A number of explanations have been proposed for the enigma that climate models consistently fail to capture the observed Antarctic sea ice expansion. Some studies have focused on the internal variability in Antarctic sea ice simulated by climate models3,4,5. For example, the observed sea ice expansion was shown to be within the range of internal variability of a climate model simulation under constant preindustrial forcing3. However, when the sum of the model-simulated internal variability and the model-simulated response to historical greenhouse forcing is considered, the observations fall deep within the tail of the model results2. Overall, these studies suggest that although internal variability can give rise to Antarctic sea ice expansion in some cases, a highly unusual realization of internal climate variability would be required to have occurred in the observations for this to explain the observed changes in the Antarctic sea ice.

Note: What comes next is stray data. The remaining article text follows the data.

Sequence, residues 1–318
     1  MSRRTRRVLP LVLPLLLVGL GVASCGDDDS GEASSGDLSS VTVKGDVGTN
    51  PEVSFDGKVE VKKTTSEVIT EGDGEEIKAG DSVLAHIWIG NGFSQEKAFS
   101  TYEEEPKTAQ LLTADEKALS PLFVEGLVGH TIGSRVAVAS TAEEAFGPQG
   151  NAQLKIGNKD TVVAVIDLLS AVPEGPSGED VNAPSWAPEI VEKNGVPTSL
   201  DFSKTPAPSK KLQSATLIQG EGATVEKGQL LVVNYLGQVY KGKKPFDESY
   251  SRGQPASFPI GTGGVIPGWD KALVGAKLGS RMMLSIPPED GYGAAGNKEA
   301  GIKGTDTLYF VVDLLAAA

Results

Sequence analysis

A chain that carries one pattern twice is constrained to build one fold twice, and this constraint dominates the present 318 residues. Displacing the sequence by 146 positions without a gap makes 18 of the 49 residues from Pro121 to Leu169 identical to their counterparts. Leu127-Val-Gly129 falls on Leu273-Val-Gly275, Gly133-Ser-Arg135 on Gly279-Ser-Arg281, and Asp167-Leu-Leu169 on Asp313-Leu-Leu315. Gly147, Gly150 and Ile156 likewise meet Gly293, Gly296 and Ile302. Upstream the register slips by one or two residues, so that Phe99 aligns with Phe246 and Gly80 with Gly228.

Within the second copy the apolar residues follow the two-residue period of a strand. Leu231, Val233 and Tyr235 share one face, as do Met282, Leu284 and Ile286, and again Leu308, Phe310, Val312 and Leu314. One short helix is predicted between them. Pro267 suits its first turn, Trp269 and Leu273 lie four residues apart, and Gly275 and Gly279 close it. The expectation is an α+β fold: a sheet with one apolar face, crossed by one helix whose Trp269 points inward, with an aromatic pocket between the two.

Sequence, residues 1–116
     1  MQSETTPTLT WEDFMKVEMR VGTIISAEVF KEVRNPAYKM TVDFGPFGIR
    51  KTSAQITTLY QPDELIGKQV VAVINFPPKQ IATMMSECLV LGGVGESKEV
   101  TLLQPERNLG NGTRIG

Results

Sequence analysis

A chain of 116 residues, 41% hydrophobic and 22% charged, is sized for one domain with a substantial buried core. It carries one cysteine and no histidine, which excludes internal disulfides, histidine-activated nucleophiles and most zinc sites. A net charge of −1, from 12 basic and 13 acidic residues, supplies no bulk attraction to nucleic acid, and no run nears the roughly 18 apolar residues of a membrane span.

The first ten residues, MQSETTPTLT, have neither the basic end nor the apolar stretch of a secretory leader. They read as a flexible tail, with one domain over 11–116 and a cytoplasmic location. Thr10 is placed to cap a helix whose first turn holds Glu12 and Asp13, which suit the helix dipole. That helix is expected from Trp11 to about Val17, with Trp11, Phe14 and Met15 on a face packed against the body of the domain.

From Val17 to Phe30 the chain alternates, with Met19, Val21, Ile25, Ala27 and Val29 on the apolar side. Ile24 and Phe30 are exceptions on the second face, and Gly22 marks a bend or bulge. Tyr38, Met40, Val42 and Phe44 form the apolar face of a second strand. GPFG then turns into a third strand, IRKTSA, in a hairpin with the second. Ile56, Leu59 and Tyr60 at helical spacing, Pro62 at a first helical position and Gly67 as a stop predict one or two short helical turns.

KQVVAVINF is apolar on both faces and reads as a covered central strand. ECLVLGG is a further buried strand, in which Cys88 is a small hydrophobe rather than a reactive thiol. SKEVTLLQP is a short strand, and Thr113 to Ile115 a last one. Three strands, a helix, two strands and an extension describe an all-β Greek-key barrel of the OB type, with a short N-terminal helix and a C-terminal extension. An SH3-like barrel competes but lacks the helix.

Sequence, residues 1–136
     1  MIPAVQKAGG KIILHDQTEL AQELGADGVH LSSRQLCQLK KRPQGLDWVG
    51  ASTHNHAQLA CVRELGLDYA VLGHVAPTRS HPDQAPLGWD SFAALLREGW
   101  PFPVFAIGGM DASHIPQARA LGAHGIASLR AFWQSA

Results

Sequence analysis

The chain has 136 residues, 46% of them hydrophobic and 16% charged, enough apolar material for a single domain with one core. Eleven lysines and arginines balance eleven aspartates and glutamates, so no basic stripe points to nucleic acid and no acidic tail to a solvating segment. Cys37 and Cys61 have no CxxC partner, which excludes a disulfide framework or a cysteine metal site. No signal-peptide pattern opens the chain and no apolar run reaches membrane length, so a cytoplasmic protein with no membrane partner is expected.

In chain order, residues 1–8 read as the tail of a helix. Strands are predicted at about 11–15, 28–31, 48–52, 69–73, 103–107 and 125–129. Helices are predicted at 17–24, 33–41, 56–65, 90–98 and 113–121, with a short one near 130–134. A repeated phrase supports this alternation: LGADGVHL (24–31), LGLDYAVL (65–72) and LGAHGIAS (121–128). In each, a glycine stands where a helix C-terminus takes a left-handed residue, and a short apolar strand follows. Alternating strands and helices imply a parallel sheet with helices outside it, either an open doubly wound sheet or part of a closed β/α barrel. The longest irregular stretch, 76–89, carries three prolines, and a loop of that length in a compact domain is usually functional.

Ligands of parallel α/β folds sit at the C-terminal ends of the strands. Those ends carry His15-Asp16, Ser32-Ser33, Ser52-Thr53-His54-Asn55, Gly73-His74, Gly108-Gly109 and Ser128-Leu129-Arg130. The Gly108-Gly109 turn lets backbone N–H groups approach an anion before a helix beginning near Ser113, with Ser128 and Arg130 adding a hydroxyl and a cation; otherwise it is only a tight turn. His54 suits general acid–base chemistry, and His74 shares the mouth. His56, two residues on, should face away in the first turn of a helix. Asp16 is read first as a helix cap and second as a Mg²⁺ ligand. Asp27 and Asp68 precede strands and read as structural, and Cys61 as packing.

Alternatively, anthropogenic ozone depletion has been suggested to strengthen the Southern Hemisphere westerly surface winds, leading to an anomalous equatorward Ekman transport that initially causes cooling and sea ice expansion, followed by a slower warming due to upwelling of the warmer deep water6,7,8. Modeling studies have linked the simulated Southern Hemisphere westerly wind to biases in the Antarctic sea ice across different models9,10. However, a later study that compared a suite of current climate models with observations suggested that ozone depletion is unlikely to be the primary driver of surface cooling and sea ice expansion in the Southern Ocean11.

Other explanations have been proposed that also involve changes in surface winds, whether driven by internal variability12 or ozone depletion13 or other factors such as greenhouse forcing14. Close relationships were found between observational estimates of surface wind, sea ice motion, and sea ice concentration15. However, later work focusing on the seasonal structure of regional sea ice trends identified issues with these relationships16. Nonetheless, trends in the Southern Ocean winds have been found to be weaker in climate models than in observations17,18, which has been suggested to influence the sea ice19.